Today marks the end of Japan Society’s Kazuo Miyagawa retrospective, and I simply couldn’t resist squeezing in one last double feature before the curtains closed. For their big finale, the programmers chose a trio of films directed by some of the famed cinematographer’s most frequent collaborators: Kenji Mizoguchi, Kon Ichikawa, and Masahiro Shinoda. Since I’d already seen Mizoguchi’s Street of Shame, I decided to skip it in favor of the latter two screenings: Ichikawa’s Odd Obsession and Shinoda’s Ballad of Orin.
This mini-marathon ended up being the perfect conclusion to the event, beautifully showcasing the qualities that made Miyagawa such a creative genius. In Odd Obsession (which revolves around an aging, impotent curio collector’s increasingly unscrupulous attempts to provoke his faithful wife into an affair with a younger man), the camera adopts the protagonist’s voyeuristic point-of-view, creeping through claustrophobic hallways, peering around corners, and slowly pushing in on minute details—thus making the viewer an accomplice to his depraved behavior. Ballad of Orin, on the other hand, focuses on a variety of natural landscapes—snow-blanketed beaches, verdant mountain trails, sprawling fields of tall grass that dances gracefully in the breeze—emphasizing the vagabond lifestyle and low social status of our heroine, a blind itinerant musician expelled from her guild for “lewdness.”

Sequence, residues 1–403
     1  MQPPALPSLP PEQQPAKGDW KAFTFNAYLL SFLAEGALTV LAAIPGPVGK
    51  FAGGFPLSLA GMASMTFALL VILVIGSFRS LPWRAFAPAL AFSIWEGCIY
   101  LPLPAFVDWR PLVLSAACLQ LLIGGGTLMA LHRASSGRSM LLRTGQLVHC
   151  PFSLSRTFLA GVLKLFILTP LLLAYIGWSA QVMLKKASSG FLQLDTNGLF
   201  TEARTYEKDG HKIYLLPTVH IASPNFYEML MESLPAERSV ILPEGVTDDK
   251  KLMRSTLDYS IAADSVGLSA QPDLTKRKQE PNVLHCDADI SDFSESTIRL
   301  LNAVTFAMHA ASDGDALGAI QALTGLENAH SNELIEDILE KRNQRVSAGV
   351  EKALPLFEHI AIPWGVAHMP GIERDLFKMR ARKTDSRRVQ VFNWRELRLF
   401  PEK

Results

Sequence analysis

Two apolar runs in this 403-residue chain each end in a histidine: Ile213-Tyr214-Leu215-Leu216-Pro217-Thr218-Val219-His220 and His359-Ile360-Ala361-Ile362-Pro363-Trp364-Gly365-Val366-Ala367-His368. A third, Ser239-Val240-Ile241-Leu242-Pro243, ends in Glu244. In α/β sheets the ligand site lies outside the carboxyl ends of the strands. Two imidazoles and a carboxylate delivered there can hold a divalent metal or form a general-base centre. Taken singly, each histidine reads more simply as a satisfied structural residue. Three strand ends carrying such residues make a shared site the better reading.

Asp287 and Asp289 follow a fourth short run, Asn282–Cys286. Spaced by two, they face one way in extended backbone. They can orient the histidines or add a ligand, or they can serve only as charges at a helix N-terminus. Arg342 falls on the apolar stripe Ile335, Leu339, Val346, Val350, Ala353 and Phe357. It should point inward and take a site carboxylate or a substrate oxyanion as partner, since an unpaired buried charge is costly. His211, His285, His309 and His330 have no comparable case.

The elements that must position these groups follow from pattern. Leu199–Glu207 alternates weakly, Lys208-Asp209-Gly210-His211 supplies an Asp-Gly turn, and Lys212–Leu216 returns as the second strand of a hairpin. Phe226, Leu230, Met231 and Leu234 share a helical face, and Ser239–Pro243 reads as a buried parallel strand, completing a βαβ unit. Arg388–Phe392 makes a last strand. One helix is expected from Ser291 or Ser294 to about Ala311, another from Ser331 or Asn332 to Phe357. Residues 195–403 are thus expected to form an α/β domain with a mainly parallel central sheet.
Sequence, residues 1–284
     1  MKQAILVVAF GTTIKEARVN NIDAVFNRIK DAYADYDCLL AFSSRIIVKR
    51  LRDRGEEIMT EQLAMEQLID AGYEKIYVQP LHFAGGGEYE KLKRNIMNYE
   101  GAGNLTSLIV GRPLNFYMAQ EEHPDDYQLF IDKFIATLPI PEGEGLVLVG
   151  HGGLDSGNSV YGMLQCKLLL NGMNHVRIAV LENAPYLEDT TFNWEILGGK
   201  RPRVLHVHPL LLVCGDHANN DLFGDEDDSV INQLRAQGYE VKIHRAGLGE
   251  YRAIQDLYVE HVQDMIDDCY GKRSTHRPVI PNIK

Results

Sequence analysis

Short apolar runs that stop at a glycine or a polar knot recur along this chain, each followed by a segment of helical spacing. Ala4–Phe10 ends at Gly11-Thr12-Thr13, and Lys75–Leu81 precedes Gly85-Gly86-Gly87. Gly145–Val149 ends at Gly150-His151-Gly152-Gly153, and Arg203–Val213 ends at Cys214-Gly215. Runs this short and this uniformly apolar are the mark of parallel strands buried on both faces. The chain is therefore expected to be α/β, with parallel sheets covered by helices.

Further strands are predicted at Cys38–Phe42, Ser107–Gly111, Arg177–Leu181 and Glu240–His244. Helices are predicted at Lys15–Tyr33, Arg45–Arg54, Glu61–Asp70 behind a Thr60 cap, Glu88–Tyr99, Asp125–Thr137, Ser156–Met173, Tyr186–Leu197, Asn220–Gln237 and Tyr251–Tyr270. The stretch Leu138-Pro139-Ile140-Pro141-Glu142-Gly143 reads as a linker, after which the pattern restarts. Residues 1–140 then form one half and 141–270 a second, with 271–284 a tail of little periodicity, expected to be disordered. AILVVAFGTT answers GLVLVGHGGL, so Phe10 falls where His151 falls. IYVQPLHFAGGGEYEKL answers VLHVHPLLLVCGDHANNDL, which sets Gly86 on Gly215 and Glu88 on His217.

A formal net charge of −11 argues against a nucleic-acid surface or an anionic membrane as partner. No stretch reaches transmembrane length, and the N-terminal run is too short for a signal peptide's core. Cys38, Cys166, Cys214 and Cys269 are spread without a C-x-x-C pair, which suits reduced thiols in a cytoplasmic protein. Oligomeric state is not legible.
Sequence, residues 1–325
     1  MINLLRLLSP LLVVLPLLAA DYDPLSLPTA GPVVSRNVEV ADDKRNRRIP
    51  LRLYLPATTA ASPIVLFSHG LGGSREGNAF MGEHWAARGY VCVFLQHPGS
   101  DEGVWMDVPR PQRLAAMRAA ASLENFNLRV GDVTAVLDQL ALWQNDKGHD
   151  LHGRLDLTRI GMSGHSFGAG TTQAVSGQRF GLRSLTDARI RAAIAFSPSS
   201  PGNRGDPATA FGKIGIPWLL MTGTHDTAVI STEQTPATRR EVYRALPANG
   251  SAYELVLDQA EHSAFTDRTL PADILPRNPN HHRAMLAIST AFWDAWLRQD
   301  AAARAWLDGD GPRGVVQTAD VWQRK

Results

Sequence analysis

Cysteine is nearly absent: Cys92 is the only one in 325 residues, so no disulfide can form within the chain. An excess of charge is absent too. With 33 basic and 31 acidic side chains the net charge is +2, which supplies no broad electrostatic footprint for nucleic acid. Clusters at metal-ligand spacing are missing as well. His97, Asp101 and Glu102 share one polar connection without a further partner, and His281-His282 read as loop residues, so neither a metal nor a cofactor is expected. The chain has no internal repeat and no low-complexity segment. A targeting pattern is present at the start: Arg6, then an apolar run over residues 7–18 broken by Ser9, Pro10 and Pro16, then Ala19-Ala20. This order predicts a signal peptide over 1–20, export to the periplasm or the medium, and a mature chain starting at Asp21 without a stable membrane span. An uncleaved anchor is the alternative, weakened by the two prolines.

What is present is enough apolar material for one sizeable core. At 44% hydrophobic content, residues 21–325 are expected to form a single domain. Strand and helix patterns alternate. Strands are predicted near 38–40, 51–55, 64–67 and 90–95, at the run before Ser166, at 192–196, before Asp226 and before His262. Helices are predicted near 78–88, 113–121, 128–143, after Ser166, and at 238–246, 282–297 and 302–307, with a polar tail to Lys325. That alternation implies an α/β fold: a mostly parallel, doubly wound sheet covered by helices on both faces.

The fact that these two movies have such distinct visual styles stands testament to the immense talent of the artist behind the lens. Miyagawa tailors his voice to fit the material; his true trademark is the obvious effort he puts into each and every project, whether he’s shooting an epic melodrama, a dark comedy, a cool gangland thriller, an unconventional documentary, a Buddhist allegory… or a borderline softcore porno.
[Originally written April 28, 2018.]